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Naturalistic Observation Method

Naturalistic Observation Instructions

Introduction

Naturalistic observation is a method that is used to collect behavioral data in real life situations. The researcher needs to be careful not to interfere with the natural setting. Data can be gathered by observing from a distance without making the subject aware that he/she is been observed. The researcher can also join the setting and became a part of it so as to gain the trust of the subjects. As a result the subjects will behave normally. The observation may be direct or indirect. In the direct method the researcher is present in the setting but in the indirect method other means such as video recordings are used. Indirect method allows the observer to capture activities that would easily be unnoticed. Direct method on the other hand allows the observer to focus on particular areas of interest.

Case study

This is a naturalistic observation of a child and his parents in a health care facility.

Am African-American family is sited in the Children's Hospital of Philadelphia's waiting room. It is 9 am and the hospital has a sizeable number of patients to attend to. The young boy is approximately 7 to 9 years of age. He is wearing a blue T- shirt and blank trousers. His mother a full figured lady is in a red and white poker dots dress. The father is quite tall approximately 5'7”, he is in a long sleeved purple shirt, a black tie and black pants. He appears to be dressed up for work.

As the observation begins the family sits quietly in the waiting room. The husband and wife converse in low tones. The young boy keenly observes the hospital environment, often turning his head and moving around his chair. His father signals him to sit still. The boy looks at his mother and goes back to his sit. However, a few minutes later he starts looking around again. The woman appears to be engaged in a serious conversation with her husband. She nods her head attentively and occasionally gives a response. Her attention drifts back and forth from her husband then to her son. She stokes the boys head, smiles and turns his head so that he stops staring at a little baby and its mother around the corner.

After waiting for a few minutes the man leaves the room. The boy leans fondly on his mother and starts to speak. Often he raises his finger to point out things but his mother holds his hand and smiles. She whispers something in his ears as she shakes her head. She appears to be communicating her disapproval based on her gestures and facial expression. He boy makes a face and chuckles. His father returns and the mood becomes tenser. He boy sits upright playing with his hands.

Hypothesis

The child speaks more frequently to the mother than to the father.

The child appears to have a closer relationship with the mother than with the father. When the father left the room the child appeared more relaxed. He even initiated a conversation with his mother. Occasionally as he spoke he pointed out things in the environment, although his mother cautioned him against it. When the boy was cautioned by his mother he did not appear threatened. In stead he smiled and maintained his jovial mood. His mother also appeared to pay attention to him. She would stoke his head as she conversed with her husband.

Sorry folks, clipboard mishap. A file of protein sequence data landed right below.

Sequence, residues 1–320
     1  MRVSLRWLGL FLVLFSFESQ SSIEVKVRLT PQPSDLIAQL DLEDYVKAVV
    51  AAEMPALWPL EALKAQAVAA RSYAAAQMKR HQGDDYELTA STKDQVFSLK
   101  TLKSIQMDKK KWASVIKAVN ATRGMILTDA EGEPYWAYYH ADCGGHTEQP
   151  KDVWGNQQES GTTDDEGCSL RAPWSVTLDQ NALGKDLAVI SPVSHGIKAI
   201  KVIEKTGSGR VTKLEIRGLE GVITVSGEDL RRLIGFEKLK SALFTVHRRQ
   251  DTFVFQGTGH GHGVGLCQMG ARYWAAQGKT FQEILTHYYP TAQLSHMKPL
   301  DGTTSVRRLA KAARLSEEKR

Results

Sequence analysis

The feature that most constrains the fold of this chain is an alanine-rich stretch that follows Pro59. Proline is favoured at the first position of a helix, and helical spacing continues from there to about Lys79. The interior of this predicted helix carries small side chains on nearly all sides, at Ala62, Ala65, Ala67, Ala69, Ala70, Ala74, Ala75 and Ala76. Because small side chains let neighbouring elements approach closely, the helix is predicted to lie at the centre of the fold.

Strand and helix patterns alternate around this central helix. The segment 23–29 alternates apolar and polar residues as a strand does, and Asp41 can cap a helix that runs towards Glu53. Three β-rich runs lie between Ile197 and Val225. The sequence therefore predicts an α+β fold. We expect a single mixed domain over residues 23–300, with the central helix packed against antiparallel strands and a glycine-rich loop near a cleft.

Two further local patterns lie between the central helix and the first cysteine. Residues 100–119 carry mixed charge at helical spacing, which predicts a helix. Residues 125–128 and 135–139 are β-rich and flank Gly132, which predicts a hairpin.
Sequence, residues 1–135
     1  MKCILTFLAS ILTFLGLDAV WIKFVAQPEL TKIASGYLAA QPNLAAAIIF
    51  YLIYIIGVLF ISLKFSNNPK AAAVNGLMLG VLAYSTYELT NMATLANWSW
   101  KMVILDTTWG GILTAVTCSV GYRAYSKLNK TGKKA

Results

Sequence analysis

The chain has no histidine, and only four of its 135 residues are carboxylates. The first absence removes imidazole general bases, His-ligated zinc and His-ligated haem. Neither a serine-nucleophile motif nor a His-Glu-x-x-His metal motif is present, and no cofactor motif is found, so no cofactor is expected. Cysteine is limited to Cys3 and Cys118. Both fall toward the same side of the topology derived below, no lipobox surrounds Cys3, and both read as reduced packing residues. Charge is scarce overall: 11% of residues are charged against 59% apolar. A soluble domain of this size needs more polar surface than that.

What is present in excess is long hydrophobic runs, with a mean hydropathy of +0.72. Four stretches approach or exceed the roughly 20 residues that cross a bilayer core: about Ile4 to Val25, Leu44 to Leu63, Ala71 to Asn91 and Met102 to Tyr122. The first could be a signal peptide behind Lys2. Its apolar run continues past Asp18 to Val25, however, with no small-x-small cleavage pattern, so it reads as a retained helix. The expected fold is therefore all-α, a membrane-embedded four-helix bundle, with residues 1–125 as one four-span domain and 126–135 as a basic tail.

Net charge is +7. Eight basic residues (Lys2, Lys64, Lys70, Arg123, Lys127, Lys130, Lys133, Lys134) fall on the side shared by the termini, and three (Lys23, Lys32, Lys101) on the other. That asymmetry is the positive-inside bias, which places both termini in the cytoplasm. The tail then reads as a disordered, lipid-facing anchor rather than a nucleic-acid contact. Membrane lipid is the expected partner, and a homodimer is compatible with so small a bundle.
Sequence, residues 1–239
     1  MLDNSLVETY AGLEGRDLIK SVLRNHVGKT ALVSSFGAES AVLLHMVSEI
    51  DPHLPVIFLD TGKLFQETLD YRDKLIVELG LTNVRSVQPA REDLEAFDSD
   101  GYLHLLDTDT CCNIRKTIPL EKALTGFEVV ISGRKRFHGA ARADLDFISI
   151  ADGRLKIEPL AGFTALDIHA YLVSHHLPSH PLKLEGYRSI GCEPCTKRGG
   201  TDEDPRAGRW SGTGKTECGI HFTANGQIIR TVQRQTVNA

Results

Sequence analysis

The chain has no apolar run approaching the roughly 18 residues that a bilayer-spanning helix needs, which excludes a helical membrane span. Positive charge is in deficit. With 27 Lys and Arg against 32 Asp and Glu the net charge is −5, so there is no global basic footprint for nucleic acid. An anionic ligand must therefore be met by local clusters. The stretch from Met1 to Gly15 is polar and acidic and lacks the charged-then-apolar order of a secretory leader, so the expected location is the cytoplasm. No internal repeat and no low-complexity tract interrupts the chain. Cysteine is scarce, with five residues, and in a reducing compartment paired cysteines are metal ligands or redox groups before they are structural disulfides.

As soon as the father returned he boy become tense, sat up right and kept to himself. Earlier on in the observation the father had signaled the boy to sit still. The boy had responded swiftly without any hesitation and seemed rather tense. The father appears to be disciplinarian. The manner in which his spouse gave him her attention also asserts his role as head of the family.

This appears to be a decent inner city family that is keen on instilling morals in their son. The father appears to adopt a stern and direct form of disciplining or correcting. This is evident in the way he signals the child to sit upright. He keeps a straight face and maintains direct eye contact. The boy seems to be more withdrawn when relating to his father. They do not even exchange a word or glances.

Challenges

The exercise is time consuming. It takes a lot of patience to observe, take notes and then analyze the findings.

Alteration of behavior by subjects when they become aware that they are been observed is another challenge. Therefore the researcher needs to be very cautious so as not to alert the subject. The researcher should record his findings without intervening in the situation.

It is a challenge to avoid experimental bias when observing the inner city families. It is difficult to remain object without allowing personal predispositions or stereotypes to cloud ones judgment.

Conclusion

Naturalistic observation of children and their families in a health care facility is an effective method of carrying out a research. This technique can assist in gathering data and gaining insight more than other research methods such as structured interviews and quantitative methods. Human factors are a challenge in any form of observational research.

References

George A. Miller (1983). The Principles of Psychology: with introduction.

London: Harvard University Press.

Brain, Christine. (2002). Advanced psychology: applications, issues and perspectives.

Cheltenham: Nelson Thornes.

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